Looking (and living) the other way
The post below this one showed the view to the east of my domicile, so here’s one shot of a low tide to the west out another window. A purple star slumps in slumber as it begins to realize the tide has dropped and is leaving it behind in no-starfish-land. Reminds me of the time I fell asleep on a pebble beach in the sun. The next thing I knew tiny wavelets were slapping against my bare feet reminding me that the tide goeth and the tide cometh again.
Living on a boat provides a plethora of wildlife viewing opportunities. Often an entire family of otters would swim noisily by, playing tag, climbing out of the water to investigate small wonders, and providing exciting theater for us humans.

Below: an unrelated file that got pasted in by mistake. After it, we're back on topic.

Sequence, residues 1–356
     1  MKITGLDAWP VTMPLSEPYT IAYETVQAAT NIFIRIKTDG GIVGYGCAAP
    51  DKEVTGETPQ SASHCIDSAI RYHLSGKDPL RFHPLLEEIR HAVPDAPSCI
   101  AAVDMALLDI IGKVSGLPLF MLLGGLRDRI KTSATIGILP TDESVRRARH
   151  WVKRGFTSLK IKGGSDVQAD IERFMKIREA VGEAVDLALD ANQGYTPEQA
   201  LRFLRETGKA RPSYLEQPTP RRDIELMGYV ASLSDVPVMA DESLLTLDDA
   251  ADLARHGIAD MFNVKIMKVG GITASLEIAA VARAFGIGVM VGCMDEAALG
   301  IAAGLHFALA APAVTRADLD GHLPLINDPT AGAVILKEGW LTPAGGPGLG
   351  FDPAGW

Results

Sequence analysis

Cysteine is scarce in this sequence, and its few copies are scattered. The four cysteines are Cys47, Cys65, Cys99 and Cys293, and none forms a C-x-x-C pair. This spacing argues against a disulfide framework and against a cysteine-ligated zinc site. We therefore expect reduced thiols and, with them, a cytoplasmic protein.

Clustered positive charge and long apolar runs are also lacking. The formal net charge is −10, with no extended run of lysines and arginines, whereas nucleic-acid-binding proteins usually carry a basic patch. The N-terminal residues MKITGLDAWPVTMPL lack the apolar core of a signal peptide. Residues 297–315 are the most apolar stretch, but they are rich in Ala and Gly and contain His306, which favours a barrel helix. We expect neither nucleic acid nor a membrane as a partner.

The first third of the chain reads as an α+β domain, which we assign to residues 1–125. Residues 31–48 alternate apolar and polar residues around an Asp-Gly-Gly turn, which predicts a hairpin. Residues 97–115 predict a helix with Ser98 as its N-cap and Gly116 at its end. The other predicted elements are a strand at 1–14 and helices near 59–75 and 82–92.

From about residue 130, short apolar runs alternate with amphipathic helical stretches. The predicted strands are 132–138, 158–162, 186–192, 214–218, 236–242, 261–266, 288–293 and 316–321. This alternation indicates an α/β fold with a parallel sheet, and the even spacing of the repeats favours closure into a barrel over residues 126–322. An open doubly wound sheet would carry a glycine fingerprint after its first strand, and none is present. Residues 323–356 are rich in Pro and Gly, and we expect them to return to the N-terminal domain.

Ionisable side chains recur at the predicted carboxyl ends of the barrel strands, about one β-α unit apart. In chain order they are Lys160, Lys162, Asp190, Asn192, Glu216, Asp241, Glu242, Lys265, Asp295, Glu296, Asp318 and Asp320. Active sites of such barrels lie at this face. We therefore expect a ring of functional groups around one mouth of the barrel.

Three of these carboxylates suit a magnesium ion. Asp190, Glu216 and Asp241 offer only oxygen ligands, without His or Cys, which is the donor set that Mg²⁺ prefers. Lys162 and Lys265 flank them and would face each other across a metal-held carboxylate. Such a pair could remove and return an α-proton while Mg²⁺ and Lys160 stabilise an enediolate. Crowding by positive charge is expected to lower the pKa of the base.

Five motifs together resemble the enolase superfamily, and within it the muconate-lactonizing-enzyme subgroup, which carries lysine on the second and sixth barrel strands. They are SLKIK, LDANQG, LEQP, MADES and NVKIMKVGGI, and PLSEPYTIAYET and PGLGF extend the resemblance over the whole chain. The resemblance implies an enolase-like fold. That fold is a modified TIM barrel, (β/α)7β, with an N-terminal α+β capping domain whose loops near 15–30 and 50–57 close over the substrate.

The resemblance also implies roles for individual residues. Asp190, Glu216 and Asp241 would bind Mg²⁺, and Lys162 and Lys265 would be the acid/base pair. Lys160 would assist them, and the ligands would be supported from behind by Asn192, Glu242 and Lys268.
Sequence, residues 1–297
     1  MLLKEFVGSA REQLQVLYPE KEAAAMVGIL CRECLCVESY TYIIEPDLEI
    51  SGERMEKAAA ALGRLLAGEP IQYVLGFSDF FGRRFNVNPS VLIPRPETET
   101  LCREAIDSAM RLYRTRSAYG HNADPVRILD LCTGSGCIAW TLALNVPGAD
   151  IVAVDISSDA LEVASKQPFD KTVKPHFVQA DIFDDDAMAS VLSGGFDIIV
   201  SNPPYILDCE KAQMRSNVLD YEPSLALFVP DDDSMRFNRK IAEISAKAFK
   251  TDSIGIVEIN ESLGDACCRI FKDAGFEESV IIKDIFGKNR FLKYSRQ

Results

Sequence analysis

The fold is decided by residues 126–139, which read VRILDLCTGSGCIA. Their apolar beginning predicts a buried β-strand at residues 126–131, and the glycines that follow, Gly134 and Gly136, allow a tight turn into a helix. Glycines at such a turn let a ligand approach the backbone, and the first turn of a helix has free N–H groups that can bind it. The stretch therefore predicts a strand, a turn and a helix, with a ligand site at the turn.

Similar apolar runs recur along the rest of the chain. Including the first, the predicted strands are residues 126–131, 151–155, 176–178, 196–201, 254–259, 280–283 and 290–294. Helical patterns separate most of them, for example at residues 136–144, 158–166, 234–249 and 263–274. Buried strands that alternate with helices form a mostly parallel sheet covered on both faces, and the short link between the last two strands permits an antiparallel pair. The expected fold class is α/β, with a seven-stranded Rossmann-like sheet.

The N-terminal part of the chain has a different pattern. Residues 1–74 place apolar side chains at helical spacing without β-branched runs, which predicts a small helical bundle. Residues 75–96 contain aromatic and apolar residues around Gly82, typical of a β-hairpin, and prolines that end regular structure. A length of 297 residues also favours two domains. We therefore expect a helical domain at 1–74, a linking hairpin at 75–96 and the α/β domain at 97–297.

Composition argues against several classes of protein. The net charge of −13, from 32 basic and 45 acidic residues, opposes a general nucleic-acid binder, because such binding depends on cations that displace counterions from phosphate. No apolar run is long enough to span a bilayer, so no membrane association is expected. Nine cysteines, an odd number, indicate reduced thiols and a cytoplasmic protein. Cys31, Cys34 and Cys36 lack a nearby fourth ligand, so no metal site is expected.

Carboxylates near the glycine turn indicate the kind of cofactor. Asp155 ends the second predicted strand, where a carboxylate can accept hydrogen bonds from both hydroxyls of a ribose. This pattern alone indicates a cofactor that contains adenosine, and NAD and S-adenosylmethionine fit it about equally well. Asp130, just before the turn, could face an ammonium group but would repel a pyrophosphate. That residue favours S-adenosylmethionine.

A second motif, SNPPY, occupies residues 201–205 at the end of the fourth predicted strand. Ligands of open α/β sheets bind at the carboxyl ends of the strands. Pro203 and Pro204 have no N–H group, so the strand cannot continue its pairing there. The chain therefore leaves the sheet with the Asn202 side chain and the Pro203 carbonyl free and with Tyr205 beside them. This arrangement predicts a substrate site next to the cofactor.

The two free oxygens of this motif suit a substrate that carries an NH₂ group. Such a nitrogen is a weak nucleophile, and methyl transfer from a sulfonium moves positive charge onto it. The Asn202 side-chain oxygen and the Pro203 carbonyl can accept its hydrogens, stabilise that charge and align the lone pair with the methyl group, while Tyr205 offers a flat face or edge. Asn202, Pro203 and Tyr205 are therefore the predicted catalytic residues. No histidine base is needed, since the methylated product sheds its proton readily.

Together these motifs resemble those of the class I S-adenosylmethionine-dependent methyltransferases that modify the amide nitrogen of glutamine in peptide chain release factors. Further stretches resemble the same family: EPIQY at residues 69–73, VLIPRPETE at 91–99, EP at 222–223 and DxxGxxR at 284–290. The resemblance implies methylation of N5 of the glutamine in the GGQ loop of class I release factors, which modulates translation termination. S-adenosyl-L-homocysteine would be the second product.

Often a bump at night against the hull could announce either an animal searching for mussels to eat or a log that had floated alongside with the tide. Interesting how you could tell the difference – the animate ones would usually blow out bubbles which could be heard against the hull, while the logs often gave a series of taps as little waves rocked the log against the boat.
Living on a floating platform, whether boat or houseboat, offers many such unique experiences not found with terrestrial homes. And one terrestrial experience we live without is the neighbor’s lawnmower on a Saturday morning!